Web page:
Plant molecule could lead eco-friendly roads

Plant molecule could lead to eco-friendly roads

5:58 AM, 31st March 2015
Plant molecule could lead to eco-friendly roads
Adding plant material to tarmac could enable it to survive extremes of temperature better. © Shutterstock

CAMBRIDGE, UK: A molecule that comes from plants and trees could lead to cheaper and more environmentally friendly roads and bike paths, according to Ted Sleghek, a senior scientist with the non-profit TNO in the Netherlands. Sleghek said that lignin extracted from plants is a renewable resource removed as waste during the paper-making process and can be substituted for some of the bitumen that is currently the main binding ingredient in tarmac and roof sealants. “The market is asking for this type of modification because the quality of bitumen is going down and the price is going up. In order to create bitumen which is fit to be applied in roads, you have to modify it anyway, so why not modify it with natural components,” explained Sleghek.

The cost of bitumen fluctuates with the price of crude oil, but it currently stands at between €500–600/tonne (£365–439/tonne), according to Sleghek. In addition, bitumen must be modified with polymers like atactic polypropylene or styrene-butadiene-styrene, which impart plastic and rubber qualities to tarmac, respectively. These polymers, which are also crude oil-based, cost €2–3/kg.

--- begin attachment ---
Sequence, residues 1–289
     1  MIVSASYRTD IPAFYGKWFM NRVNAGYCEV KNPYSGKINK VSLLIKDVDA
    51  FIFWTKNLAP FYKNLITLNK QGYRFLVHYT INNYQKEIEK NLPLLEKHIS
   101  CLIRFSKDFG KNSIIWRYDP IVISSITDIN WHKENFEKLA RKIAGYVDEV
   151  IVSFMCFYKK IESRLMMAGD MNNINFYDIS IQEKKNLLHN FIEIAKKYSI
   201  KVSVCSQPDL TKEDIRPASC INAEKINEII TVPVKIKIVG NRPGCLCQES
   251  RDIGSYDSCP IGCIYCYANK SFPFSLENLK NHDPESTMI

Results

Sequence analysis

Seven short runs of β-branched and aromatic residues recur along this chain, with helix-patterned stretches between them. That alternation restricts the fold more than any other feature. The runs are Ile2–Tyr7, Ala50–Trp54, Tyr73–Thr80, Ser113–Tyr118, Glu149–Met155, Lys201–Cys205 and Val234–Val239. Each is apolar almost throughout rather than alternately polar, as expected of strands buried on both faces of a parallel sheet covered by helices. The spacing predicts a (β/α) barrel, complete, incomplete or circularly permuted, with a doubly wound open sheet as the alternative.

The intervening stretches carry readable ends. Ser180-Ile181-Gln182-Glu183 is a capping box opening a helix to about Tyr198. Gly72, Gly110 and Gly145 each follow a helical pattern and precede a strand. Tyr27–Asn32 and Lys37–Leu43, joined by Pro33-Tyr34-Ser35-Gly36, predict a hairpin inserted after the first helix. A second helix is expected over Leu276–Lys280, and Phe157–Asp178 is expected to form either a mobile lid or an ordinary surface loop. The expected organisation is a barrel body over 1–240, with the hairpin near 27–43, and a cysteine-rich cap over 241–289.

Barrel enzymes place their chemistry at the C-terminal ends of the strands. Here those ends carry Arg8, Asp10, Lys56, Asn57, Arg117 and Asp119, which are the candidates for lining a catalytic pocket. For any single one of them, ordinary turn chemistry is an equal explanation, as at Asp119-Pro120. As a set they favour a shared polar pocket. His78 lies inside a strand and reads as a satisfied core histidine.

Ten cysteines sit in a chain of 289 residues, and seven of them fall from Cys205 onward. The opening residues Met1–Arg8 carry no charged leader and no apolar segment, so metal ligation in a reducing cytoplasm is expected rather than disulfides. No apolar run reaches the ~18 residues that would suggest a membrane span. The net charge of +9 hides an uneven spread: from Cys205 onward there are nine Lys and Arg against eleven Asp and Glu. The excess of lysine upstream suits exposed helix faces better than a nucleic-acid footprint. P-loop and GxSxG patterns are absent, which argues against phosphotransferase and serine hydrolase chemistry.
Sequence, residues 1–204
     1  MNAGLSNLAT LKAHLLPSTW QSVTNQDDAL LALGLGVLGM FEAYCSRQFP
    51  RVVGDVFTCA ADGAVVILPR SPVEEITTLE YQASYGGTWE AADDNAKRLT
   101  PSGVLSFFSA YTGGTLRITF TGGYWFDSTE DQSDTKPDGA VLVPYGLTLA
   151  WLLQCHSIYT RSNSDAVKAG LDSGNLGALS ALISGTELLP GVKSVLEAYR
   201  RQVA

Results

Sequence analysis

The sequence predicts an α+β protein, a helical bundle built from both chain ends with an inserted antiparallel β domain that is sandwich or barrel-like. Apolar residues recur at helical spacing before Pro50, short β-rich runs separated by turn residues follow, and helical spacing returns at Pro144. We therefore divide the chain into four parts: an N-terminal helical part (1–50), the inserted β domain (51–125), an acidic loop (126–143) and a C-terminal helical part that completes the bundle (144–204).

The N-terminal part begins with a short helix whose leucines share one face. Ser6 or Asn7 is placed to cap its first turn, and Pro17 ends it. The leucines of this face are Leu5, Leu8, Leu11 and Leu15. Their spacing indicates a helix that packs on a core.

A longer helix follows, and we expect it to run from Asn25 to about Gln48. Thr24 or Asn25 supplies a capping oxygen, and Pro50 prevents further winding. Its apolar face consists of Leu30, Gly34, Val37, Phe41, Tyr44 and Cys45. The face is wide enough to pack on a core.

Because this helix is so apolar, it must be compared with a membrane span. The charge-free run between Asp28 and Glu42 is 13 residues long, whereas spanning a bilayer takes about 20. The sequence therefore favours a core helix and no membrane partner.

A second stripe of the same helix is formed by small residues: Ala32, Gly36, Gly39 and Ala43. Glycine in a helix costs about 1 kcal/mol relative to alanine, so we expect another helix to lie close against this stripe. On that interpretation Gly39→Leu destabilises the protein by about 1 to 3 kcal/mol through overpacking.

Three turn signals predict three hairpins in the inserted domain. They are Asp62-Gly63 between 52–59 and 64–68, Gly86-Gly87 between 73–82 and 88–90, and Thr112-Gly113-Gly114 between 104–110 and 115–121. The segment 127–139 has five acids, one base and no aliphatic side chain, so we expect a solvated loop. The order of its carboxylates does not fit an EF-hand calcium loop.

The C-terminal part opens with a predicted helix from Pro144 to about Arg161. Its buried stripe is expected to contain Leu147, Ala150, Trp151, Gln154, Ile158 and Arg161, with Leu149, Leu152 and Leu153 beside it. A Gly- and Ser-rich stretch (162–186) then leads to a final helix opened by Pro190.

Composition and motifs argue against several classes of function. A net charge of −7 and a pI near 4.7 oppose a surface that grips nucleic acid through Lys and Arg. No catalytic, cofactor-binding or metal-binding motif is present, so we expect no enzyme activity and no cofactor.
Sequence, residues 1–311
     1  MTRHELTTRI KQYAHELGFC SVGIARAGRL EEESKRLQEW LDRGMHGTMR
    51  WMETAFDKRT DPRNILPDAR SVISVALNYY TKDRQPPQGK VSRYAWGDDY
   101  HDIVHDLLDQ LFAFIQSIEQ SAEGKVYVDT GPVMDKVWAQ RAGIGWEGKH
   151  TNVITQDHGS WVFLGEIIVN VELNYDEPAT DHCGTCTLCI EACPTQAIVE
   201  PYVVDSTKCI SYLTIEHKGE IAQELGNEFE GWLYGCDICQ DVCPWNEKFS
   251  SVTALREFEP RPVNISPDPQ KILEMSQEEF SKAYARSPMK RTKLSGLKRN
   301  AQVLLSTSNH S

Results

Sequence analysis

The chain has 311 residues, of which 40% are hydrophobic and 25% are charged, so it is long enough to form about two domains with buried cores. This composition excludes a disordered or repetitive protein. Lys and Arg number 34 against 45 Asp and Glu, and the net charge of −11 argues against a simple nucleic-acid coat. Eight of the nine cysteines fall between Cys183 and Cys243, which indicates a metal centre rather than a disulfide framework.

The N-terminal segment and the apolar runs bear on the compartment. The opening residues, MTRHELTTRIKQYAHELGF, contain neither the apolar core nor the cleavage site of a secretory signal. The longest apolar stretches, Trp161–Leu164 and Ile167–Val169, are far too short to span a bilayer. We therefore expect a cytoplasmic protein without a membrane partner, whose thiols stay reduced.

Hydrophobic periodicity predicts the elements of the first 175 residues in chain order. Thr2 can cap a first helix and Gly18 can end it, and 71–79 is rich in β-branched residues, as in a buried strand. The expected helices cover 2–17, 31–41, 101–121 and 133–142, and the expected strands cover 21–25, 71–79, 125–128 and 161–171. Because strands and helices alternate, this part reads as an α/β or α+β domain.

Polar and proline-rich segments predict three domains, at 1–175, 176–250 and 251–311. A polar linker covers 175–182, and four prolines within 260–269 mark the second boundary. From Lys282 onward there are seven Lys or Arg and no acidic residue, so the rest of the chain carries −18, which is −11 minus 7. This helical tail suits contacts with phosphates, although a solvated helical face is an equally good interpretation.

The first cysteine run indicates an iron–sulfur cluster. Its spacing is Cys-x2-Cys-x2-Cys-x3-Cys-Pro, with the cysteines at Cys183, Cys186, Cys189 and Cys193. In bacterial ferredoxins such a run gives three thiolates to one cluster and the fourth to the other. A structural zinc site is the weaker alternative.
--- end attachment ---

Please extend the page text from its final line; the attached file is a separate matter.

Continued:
Sleghek pointed out that millions of tonne of lignin are available and there are several different ways to extract it cheaply. One of the most inexpensive and popular methods is the kraft chemical pulping process, whereby a strong alkali is used with a sodium sulfide catalyst to separate lignin from the cellulose fibre, said Sleghek.

Sleghek’s reported at the American Chemical Society’s conference in Denver, that his team has created several different lignin–bitumen mixtures. These can make tarmac harder in warm weather, minimising rutting and general wear and tear, or tackier in cold weather to prevent rocks and pebbles from coming loose from brittle roads and damaging cars.

The actual details of how Sleghek and his colleagues combine the lignin and the bitumen to get their desired product are proprietary. However, Sleghek said the trick is to mix the lignin in such a way that it ‘becomes one with the bitumen’ and no longer exists as singular particles.

To prevent biodegradation, the lignin is encapsulated in bitumen. “So far, we haven’t seen any fungus,” said Sleghek. However, he noted that increasing the amount of lignin could pose decay issues.

To test their product’s real-world application, Sleghek and his collaborators intend to construct a 100m bicycle path this year using one of their lignin-based asphalt mixtures. “There are already a few locations and local governments who would like to participate in this,” said Sleghek.


© Royal Society of Chemistry News



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